My life has changed a lot in the last 9 months. Ever since Mr. D. showed up on our porch at Christ Church, I’ve had to learn and relearn many many things. I’ve learned that homelessness is wildly complicated. I’ve learned that addiction is more powerful than just about everything else. I’ve learned that the system is designed to make it nearly impossible to get a grip on the first rung of society’s ladder. Most recently, as in, as I read the lesson from John 5 appointed for Easter 6C, I’ve learned that I am really good at making and accepting excuses for not helping people.
Like Paul after his conversion, something like scales fell from my eyes as I read, once again, of the exchange between Jesus and the invalid at the pool of Beth-zatha. I noted with familiarity how Jesus asks the man, “do you want to be healed?” Something changed, however, as I read the man’s response to Jesus’ question, “Sir, I have no one to put me into the pool when the water is stirred up; and while I am making my way, someone else steps down ahead of me.” I thought of all the ways my friends J, M, R, R, M, T, M, A, L, and others have been told they are completely responsible for their own situations. How if they weren’t just so damn lazy, they wouldn’t be where they are.
The man’s response to Jesus sounds like an excuse – but not in the way I used to think of it. Rather than being an excuse for the man not making his way into the pool after nearly 40 decades of trying, but the excuse hundreds of thousands of passers-by had used to not be the one who helped him. “Oh, he just doesn’t want to get better.” “If only he hadn’t burned bridges with his family.” “He probably likes the attention.” “Another opioid addict.” “The government should step in.” “The Church should help him.” On and on and on.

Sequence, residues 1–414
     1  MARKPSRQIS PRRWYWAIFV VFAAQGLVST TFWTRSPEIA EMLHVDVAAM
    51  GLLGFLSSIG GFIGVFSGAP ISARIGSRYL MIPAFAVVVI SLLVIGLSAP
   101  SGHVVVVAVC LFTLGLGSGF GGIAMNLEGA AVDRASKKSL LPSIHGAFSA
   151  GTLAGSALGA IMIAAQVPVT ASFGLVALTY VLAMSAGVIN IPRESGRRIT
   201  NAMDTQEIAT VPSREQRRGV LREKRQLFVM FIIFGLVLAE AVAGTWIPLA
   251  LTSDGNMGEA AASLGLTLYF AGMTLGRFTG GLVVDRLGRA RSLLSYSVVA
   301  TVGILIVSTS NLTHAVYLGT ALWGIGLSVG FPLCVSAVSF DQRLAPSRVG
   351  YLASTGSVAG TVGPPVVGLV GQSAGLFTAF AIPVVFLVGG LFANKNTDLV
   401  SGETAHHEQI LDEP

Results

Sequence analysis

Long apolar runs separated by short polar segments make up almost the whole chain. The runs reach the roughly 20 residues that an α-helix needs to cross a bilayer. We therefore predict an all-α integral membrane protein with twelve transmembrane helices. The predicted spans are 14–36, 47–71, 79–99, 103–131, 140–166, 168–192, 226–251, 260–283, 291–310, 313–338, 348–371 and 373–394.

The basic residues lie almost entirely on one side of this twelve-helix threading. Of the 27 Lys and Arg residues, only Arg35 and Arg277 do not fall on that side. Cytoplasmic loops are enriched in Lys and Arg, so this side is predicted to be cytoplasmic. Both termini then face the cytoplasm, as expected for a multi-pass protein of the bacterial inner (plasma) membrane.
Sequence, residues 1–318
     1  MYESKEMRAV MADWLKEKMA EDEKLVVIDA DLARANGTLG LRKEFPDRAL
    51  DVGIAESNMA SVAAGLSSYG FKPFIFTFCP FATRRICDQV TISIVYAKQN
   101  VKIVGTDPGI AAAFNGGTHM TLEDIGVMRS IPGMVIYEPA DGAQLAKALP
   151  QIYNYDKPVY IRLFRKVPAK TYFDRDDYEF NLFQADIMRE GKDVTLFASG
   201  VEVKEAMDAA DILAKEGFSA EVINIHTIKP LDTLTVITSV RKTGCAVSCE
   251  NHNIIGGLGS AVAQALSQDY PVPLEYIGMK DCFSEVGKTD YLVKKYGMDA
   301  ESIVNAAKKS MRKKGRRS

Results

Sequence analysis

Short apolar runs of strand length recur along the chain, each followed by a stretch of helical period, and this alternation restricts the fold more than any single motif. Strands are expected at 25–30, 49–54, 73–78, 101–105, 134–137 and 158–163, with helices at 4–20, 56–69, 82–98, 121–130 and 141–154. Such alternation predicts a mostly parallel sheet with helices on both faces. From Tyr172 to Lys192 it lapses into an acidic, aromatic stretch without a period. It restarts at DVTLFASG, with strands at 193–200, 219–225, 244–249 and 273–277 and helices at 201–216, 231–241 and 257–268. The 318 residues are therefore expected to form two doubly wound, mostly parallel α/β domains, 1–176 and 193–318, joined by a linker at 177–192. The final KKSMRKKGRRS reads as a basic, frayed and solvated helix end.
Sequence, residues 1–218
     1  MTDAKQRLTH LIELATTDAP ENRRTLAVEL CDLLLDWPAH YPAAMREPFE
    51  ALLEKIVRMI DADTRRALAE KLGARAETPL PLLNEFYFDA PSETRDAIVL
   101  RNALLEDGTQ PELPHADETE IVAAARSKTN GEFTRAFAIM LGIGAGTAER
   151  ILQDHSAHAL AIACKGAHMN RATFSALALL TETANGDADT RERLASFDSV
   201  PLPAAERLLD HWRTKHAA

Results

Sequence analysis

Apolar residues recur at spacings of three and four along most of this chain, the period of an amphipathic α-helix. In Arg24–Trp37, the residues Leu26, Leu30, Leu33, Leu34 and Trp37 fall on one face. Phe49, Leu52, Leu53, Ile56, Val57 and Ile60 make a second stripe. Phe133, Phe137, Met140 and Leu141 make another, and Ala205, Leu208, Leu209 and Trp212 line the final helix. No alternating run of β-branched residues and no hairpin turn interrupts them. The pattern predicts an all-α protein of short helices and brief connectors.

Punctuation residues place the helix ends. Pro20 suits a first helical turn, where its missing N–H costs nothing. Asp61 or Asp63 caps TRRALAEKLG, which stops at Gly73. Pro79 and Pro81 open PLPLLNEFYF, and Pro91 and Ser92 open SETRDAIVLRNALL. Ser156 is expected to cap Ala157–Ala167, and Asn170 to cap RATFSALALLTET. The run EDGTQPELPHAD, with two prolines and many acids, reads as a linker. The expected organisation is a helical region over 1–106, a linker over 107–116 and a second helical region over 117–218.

The truth of the matter is that like the pool of Beth-zatha, the system is, by and large, completely arbitrary. This was highlighted during the long government shutdown in late 2018-early 2019, when reports began to show just how many Americans live paycheck to paycheck. According to Forbes, the number is 78%. That means that nearly 4 out of every 5 Americans don’t have the reserves to pay their bills after missing only one paycheck. And once you fall behind, it is nearly impossible to get back on track. With late fees and exorbitant reconnect fees, where the price of a gallon of milk at a food desert C-Store is three times what it costs at my local Kroger and a load of laundry at the laundromat costing about the same, where getting “a deal” at a no-deposit weekly hotel still puts your monthly rent at $1,100 a month, with no kitchen, it is easy for me to hear the voice of my friends experiencing homelessness in the words of the man beside the pool of Beth-zatha.
These aren’t excuses they are making to not want help, but the realities of the situation, and, quite frankly, excuses those of us in positions to make a difference often use to not do anything. Jesus picked up all those excuses and changed the rules. No longer would the man have to wait by the pool, but rather, he could be healed right now. Now, I’m not a miracle worker nor a billionaire, able to simply wave my hand and fix a system full of excuses, but I serve a God who can. What excuses is God inviting you to pick up and toss away? How is God inviting you to see the world in a different way? How is God inviting you to change your community?